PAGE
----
By Dennis Schrag/Tree Full of Owls

The proposal is due tomorrow. It has to be unbeatable. The pressure is intense. You sit at your totally empty computer monitor. Your mind feels totally empty, too. It’s the despicable, always terrorizing writer’s block.

F. Scott Fitzgerald suffered from it. Ernest Hemingway, when asked about the most frightening thing he had ever encountered, said, “A blank sheet of paper.” Stephen King, who knows panic, said that the “scariest moment is always just before you start writing. After that, things can only get better.”

Writer’s block is defined as an inability to begin or continue writing for reasons other than lack of basic skill or commitment. The Merriam-Webster Dictionary describes it as a “psychological inhibition preventing a writer from proceeding with a piece of writing.”

Why does it happen?  The Purdue Online Writing Lab says, “Because writers have various ways of writing, a variety of things can cause a writer to experience anxiety and sometimes this anxiety leads to writer’s block. Some experts believe writer’s block is caused by an over-awareness of the audience that produces paralysis.” It is stage-fright on paper.

How to tackle that block…

It seems simple, but it works. The first thing to do is resign yourself to the fact that you have to write. Reflect on the essence of the completed piece. What must it do for you and the reader? Write those goals. Finish the following: “When this piece is complete it will…”

You accomplish a number of things when you complete the above mini-assignment:

  • You physically begin writing.
  • You engage the Stephen Covey “The 7 Habits of Highly Effective People” principal of “starting with the end in mind.”
    • You consciously stop the non-productive comments running through your head by replacing them with productive ones.

Next…just cool it…

  • Breathe deeply. Close your eyes; then, take four or five short deep breaths. Hold each breath until it hurts, and then let it out slowly.
  • Stretch. Stretch as many muscle groups as possible. Try tensing and releasing various muscle groups.
  • Have some special formula writing success like a Snickers bar, chewing gum, or listening to jazz etc. use them.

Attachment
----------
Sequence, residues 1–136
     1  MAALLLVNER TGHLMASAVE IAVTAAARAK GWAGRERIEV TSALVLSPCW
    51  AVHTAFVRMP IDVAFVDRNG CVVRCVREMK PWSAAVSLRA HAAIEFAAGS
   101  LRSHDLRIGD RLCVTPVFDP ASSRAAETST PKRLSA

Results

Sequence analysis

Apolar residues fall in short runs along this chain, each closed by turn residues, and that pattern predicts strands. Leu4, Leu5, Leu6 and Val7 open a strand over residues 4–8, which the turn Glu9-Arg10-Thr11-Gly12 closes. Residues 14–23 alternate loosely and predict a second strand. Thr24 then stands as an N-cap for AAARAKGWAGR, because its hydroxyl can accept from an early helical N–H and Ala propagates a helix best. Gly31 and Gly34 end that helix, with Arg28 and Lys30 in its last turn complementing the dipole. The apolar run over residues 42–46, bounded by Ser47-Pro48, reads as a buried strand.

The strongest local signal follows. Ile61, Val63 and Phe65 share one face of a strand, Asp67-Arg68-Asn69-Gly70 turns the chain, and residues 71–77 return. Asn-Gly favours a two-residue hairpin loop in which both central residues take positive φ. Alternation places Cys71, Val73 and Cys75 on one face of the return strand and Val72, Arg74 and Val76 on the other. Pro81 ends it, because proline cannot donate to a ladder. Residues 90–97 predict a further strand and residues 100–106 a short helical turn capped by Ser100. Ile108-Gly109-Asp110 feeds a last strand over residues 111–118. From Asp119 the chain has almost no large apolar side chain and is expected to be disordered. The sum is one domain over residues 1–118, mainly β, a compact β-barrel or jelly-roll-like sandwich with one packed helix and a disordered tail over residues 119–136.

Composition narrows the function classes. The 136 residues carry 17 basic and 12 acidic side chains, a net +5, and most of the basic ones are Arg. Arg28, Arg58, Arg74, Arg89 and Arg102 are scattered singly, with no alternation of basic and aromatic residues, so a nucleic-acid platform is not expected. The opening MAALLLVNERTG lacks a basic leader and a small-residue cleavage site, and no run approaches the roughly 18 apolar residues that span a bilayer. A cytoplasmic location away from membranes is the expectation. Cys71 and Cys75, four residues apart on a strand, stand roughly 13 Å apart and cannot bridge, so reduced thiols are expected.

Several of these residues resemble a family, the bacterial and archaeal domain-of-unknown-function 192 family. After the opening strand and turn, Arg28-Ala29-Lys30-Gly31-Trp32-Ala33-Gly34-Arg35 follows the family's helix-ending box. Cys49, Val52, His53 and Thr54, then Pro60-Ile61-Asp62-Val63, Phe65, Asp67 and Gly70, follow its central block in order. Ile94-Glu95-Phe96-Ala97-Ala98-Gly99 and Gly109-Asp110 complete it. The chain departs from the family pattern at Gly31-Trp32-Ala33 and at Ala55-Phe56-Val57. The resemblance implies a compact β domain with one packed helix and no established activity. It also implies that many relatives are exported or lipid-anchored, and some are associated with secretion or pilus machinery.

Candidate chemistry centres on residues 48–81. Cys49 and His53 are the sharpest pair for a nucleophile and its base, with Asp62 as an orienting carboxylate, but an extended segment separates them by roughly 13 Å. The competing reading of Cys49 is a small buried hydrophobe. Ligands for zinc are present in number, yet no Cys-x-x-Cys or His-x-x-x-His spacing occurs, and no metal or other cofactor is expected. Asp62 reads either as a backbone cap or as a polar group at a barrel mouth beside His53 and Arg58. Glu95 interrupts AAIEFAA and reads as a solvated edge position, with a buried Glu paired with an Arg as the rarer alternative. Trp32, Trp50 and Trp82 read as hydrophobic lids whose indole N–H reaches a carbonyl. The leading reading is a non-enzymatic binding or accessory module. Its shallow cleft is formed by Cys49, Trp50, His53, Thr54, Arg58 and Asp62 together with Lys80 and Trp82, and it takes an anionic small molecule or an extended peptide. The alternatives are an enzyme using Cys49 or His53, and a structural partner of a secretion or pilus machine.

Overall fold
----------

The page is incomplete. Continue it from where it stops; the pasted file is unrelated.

Next…just do it.

Paula LaRocque, the expert on business writing, says there is no such thing as bad writing…there is only bad rewriting and editing.

  • Spell out five words…any five words about your topic. Keyboard those five random words on the monitor. Write five more words. Triple space them on the screen. Good god…it is almost a full page of material. Try a sentence behind each word. A block ends when you start making words on a page.
  • Keyboard out the most important elements of the piece that are in your head. Write crap…it is OK. Write down all the primary ideas you want to express and then fill in each with the smaller ideas that make up each primary idea. Voila, you have an outline.
  • ·          If you know there are three major concepts that need to be conveyed…chunk them out Chunking is a method of splitting content into short, easily scanable elements.
  • ·          At this stage, nothing needs to be eloquent, exact, or sequential. Pound out all the stuff you know about the topic.  No one knows it better than you.
  • ·          Write the middle. Stop fretting over a perfect lead or the crescendo. Write the next part or the part after that. Write your favorite part.
  • ·          The good news….you are writing.

A few more things:  This is “craft” not “art.” Stop beating yourself up. Just do it.

You will be amazed at how much you have in your head that is now on the monitor. By the way, do a “save” or “save as.” Keep it.

Next…just re-do it.

This is the easy part for anyone with writer’s block. Fix the “junque” on the monitor. Sequence it correctly. Substitute commanding words for wishy-washy ones. Get rid of those long sentences. Swap in powerful verbs. Make it simple. Add a mini-story. Drive home your key points. Spice it up.

Guess what? It’s over.